To use one of Craig Finn’s favourite lyrical phrases, much of the music world considered The Hold Steady singer-songwriter’s last solo album to be “pretty sweet”, especially the spoken-word track ‘God in Chicago’, which got buried by avalanches of praise from all angles and tells a tale of two people making a return road trip from St. Paul, MN to the Windy City.

The piano-based track contains the line “this isn’t the movies”, and somehow it’s a phrase that returns to me and resonates time and again when I listen to Finn’s latest and arguably most anticipated record, ‘I Need a New War’, an April 26th release on Partisan Records. What I think makes the line so resonant is that the folks in these ten new songs appear to be too real to be movie characters. The mundanity of the situations is striking. There is no redemption or heroism or Hollywood endings, just American losers struggling to get by.

‘Failure in the City’ was reportedly one of the titles briefly in the running for the album at one point,  but what’s admirable is the empathy that comes across as Finn sings these stories. People will have different perspectives and in a way this seems strange to say in these times of Trump and Brexit, but even a word like ‘loser’ is for me being rejected by a modern society that wants to be more caring for its citizens, and Finn’s characters get the compassion they deserve.

If closing lines of songs are anything to go by, though, there’s a bleakness to this record. The brilliant ‘Blankets’, the first previewed track from the album, leaves us with “you travel your whole life just to get out to the place you’re gonna die”. ‘Carmen Isn’t Coming in Today’ closes with “it’s hard to keep from crying when there’s nothing more to say”. And when the lilting ‘Holyoke’ ends with “I swear to God they’re every other mile”, it’s in reference to graveyards in Massachusetts.

Still, amidst all the anxiety, addiction, health scares, unpaid bills and depression, there is a tangible sense that all is not lost. The protagonist in ‘Grant at Galena’ is unemployed, the electricity company has cut off the power and he wanders aimlessly over to the mall whenever it gets too dark at home to read. Yet, as a character, he is named after Ulysses S. Grant, who, returning to his hometown of Galena after serving as a soldier, for seven years he worked in a shop, struggled financially and drank too much. It was only when the Civil War broke out in 1861 and Grant joined the Union Army that he was inspired to change his life for the better as he started on a path that led to him becoming president of the United States. The implication for the character in the song is that his present Galena struggle is a phase that will pass, and in the meantime he finds purpose in life by caring for an injured bird he finds in the backyard.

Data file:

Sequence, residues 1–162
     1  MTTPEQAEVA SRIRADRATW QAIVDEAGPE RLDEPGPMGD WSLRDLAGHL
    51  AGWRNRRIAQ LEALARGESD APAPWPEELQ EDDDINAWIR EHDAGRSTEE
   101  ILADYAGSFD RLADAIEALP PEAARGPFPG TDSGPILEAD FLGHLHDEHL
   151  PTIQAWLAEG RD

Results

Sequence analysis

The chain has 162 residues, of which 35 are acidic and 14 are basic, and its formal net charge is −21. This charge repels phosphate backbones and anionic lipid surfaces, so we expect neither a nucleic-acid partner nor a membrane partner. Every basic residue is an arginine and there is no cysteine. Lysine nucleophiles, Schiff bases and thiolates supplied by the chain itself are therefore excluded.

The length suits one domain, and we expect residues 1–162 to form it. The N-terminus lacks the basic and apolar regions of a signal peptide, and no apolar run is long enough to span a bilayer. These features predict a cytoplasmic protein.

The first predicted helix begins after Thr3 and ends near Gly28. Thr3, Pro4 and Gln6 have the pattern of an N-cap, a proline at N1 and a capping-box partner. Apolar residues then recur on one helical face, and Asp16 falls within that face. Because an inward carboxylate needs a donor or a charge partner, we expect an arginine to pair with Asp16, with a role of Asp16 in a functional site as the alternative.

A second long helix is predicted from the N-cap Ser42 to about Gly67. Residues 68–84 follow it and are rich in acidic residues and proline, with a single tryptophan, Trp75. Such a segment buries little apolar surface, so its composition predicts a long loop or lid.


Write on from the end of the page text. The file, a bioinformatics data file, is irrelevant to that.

Musically, with this being Finn’s fourth solo release and third with producer and musician Josh Kaufman, we are ever further from the abrasive guitars of the music he is known for on band frontman duty in Lifter Puller and The Hold Steady. We have backing vocals from Annie Nero and Cassandra Jenkins that recall ‘60s girl-group revival bands like La Luz or even the likes of Jennifer Warnes backing Leonard Cohen, as well as organs (including what sounds something like a Mighty Wurlitzer on ‘Indications’) and brass that all combine to provide Finn with his most soulful work to date.

The arrangements are stellar and offer a variety that keeps me engaged throughout, although I would perhaps have preferred different choices to have been made for the mixing and mastering in order to leave the vocals, drums and brass more room to breathe and give the sound even more of a luxurious soulfulness. But that’s just personal taste and ultimately it’s all about the songs and stories. This batch is as captivating as almost any Finn has given us in his career, and that’s really saying something.

Craig Finn: I Need A New War – out April 26th 2019 (Partisan Records)

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Steve Jones

Apart from about five years in total, I've always lived in Manchester. Shame about the weather and lack of beach, but I do like it here. My all-time favourite gig would have to be The National at the Academy in about 2010, although I did get Matt Berninger's mic cable wrapped around my neck (that was a close one). My guilty pleasures include the music of Bruce Springsteen, and I also felt a bit bad for feeling such joy at seeing Counting Crows live in the early 2000s. I recommend Lifter Puller, a rather obnoxious and unpleasant-sounding band that I can't seem to get enough of, even though they are long disbanded. Amongst my Silent Radio gigs, I was blown away by John Murry. I'll let you know if anything tops that one.